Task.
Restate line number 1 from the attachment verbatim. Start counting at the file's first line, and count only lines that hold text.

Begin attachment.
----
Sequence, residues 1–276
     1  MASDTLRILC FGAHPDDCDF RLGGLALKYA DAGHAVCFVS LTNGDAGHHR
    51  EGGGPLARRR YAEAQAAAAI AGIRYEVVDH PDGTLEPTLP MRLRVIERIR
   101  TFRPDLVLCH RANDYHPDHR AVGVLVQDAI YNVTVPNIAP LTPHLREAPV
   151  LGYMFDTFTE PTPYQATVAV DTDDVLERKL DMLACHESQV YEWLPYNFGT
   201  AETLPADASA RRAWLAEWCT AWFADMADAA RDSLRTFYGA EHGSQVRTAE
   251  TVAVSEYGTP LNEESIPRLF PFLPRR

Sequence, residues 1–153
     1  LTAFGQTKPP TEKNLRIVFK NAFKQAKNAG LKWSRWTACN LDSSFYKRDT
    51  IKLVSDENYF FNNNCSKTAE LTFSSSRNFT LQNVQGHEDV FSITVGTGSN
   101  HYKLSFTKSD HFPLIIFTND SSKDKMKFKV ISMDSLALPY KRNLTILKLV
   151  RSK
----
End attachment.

Sequence, residues 1–276